Experimental Protocol MRI System – 117/16 Bruker BioSpec (1H @ = 500 MHz); BGA9s gradient system (Gmax=750 mT/m; min. ramp time of 125 μs); Avance II electronics; quadrature volume resonator (inner diameter 72 mm) for transmission; rat brain quadrature surface coil (~30×30 mm2) for reception; ParaVision 5
Physiological Monitoring – Monitoring system (SA Instruments): respiratory pad, pulse oxymeter, fiber optic temperature probe; display and recording (synced to MRI acquisition) of respiration, pulse and temperature using a custom-made data acquisition software (DasyLab).
Imaging Protocol– TurboRARE for T2-weighted anatomical reference (RARE-factor 8, 28 slices á 0.5 mm, 256 ^2 matrix, 125 x 125 μm2, TR 4.0 s, TEeff 32.5 ms, 2 averages, acq. time 4m16s); FieldMap acquisition and local MapShim; single-shot gradient echo EPI for functional image acquisition (see table).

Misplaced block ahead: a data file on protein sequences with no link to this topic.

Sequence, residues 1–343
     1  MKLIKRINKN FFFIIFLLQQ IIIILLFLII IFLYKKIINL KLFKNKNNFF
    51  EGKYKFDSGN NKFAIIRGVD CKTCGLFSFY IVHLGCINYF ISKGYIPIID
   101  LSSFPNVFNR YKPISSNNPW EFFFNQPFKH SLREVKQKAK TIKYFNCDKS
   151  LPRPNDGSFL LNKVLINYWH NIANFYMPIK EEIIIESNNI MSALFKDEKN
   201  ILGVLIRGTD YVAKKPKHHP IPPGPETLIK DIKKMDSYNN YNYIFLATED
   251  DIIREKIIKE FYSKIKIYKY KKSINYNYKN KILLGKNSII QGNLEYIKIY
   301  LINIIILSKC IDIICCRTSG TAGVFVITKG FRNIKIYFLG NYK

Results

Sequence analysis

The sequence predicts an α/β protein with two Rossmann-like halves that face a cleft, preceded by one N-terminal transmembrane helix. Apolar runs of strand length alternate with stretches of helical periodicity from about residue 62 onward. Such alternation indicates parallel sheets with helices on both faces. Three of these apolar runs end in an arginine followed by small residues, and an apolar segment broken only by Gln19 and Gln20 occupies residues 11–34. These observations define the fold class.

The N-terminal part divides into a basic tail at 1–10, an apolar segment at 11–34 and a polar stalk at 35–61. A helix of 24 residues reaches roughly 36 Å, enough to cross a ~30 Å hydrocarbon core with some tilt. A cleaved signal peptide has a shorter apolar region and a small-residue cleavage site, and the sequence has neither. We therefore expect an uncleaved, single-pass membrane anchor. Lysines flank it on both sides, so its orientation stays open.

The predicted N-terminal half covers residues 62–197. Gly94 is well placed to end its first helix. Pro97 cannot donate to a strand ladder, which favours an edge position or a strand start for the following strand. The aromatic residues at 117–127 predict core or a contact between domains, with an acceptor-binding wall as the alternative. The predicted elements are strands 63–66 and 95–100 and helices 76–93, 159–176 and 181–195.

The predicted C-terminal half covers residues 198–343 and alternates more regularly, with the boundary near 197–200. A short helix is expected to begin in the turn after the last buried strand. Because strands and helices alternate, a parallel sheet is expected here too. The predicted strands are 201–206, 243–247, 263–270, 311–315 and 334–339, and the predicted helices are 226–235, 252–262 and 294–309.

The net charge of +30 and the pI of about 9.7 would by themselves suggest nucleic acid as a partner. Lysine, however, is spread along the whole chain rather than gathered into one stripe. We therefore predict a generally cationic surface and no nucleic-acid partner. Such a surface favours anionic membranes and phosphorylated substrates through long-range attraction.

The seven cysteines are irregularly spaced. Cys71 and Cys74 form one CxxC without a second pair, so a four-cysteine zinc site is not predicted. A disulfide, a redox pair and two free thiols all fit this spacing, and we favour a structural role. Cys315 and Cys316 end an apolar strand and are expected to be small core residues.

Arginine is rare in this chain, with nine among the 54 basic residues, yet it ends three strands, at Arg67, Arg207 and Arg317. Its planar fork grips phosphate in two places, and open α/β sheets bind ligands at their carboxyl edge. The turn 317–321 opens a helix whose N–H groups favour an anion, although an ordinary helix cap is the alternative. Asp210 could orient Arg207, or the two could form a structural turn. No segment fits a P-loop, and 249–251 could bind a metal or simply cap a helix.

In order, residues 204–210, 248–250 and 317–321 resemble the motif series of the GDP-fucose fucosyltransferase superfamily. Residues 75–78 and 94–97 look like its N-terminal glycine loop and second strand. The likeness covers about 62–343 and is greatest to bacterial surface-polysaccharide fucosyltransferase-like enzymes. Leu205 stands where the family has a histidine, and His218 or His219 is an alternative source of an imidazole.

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Anaesthesia Protocol– Initial anaesthesia using 1.5 % Isoflurane; transition to Medetomidine sedation: subcutaneous 0.5 ml bolus and subsequent infusion of 1 ml/h of Domitor® solution (Pfizer; 0.1 ml/kg ad 10 ml saline solution); cf. Weber et al. (2006) and Kalthoff et al. (2011) for details.
Processing & Analysis– Motion correction and coregistration to rat brain template using FSL tools; removal of physiological noise using regression of motion and physiological parameters (Kalthoff et al., 2011); connectivity analysis with custom-made ImageJ Software and FSL tools.
Results & Discussion